Agon meaning

ăgŏn, -ōn, ä-gōn
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The conflict of characters, as in classical Greek drama.
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A struggle or contest; conflict; especially between the protagonist and antagonist in a literary work.
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“Freud's originality stemmed from his aggression and ambition in his agon with biology” (Harold Bloom).

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A two-player boardgame played with a hexagonally-tiled board, popular in Victorian times. Also known as queen's guard.
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A conflict, especially between the protagonist and antagonist in a work of literature.
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The part of an ancient Greek drama, especially a comedy, in which two characters engage in verbal dispute.
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A test of will; a conflict.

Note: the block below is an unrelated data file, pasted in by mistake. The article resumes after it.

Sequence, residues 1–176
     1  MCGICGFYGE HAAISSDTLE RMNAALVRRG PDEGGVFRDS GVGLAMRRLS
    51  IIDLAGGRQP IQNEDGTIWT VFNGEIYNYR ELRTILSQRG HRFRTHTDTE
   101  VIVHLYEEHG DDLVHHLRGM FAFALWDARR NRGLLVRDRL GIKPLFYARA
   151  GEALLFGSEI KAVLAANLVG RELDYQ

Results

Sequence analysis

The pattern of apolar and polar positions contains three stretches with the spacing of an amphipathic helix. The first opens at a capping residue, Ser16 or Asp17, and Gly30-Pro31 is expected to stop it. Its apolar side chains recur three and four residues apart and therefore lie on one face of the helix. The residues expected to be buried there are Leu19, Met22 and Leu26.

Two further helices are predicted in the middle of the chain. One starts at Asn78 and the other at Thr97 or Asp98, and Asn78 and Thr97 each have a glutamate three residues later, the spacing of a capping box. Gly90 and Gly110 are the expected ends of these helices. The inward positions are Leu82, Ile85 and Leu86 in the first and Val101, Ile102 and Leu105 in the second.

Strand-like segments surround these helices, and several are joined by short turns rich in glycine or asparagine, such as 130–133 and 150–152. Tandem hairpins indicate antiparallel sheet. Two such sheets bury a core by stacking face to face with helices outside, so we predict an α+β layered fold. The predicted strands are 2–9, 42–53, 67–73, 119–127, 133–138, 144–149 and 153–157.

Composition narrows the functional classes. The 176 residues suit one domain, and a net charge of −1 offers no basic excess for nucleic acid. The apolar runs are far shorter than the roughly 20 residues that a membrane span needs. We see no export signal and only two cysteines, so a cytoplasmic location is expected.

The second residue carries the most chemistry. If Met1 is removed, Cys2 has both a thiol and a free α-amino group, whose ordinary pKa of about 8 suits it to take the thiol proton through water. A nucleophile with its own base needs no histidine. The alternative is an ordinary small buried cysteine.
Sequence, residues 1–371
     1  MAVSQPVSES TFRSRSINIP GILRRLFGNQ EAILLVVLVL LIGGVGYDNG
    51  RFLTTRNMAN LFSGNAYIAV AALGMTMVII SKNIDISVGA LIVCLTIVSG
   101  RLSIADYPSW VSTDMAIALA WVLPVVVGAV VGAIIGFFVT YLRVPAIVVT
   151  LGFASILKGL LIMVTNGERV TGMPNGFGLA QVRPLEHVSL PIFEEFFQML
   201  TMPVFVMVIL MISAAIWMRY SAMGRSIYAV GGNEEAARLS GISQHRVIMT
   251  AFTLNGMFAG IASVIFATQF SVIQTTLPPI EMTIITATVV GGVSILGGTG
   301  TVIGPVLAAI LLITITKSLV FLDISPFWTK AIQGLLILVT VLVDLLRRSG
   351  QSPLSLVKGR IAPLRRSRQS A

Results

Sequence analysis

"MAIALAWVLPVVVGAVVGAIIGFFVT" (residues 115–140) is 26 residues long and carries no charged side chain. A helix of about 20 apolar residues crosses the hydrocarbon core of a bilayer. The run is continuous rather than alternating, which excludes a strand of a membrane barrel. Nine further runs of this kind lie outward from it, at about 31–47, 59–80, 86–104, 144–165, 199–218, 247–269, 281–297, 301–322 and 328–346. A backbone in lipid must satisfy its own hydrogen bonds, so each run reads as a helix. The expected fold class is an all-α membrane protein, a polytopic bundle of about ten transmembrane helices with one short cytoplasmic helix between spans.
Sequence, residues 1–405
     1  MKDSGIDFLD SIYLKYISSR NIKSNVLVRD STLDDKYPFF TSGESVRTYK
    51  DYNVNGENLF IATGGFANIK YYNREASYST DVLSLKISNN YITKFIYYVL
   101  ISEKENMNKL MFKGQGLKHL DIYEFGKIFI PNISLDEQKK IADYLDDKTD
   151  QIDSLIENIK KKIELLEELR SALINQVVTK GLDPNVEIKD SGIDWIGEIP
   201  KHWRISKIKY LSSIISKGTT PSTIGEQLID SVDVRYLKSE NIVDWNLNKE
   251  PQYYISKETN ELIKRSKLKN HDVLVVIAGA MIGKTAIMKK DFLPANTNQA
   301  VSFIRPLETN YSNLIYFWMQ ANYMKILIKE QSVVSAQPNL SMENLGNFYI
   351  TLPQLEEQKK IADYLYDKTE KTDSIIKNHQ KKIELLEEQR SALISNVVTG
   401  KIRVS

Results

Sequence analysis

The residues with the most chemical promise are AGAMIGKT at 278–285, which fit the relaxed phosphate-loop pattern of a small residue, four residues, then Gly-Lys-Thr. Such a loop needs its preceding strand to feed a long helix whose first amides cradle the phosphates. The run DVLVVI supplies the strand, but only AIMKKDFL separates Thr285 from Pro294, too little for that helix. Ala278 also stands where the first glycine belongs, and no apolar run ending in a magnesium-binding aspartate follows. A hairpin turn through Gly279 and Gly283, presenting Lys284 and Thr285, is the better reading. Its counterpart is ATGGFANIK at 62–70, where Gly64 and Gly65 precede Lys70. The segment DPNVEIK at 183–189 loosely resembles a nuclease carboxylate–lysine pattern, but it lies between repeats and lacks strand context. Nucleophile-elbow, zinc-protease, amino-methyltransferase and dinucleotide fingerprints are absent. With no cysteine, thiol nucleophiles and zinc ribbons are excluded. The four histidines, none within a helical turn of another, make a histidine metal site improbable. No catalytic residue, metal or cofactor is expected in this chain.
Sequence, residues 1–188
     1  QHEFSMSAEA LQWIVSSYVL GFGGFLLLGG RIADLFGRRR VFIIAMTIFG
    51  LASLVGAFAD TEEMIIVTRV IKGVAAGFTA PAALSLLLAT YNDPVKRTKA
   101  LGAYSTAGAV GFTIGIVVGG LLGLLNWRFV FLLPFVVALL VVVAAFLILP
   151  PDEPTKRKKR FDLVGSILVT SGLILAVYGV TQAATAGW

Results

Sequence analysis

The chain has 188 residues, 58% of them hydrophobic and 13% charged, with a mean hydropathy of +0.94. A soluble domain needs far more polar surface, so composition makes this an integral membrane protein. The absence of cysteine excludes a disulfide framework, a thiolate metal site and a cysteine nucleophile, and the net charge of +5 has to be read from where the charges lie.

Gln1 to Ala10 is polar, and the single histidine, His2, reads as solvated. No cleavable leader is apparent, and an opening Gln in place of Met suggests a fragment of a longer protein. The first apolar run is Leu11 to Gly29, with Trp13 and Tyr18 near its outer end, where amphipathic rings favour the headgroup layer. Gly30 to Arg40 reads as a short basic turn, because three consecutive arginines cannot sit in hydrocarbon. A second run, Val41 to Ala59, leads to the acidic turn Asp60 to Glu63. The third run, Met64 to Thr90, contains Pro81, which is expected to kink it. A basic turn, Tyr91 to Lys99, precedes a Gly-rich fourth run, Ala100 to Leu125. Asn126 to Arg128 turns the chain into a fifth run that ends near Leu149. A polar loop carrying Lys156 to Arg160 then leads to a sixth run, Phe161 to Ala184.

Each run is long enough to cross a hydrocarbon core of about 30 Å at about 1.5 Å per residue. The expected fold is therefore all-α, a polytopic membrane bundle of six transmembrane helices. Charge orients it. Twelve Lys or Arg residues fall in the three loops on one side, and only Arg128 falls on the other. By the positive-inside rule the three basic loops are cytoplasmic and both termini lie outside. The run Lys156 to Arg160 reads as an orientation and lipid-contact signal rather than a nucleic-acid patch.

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A contest in ancient Greece, as in athletics or music, in which prizes were awarded.
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Any of various competitions (athletic, literary, etc.) for prizes at ancient Greek games.
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A contest in ancient Greece, as in athletics or music, in which prizes were awarded.
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Origin of agon

  • Greek agōn agony

    From American Heritage Dictionary of the English Language, 5th Edition

  • From Latin agōn, from Ancient Greek ἀγών (agōn, “contest”).

    From Wiktionary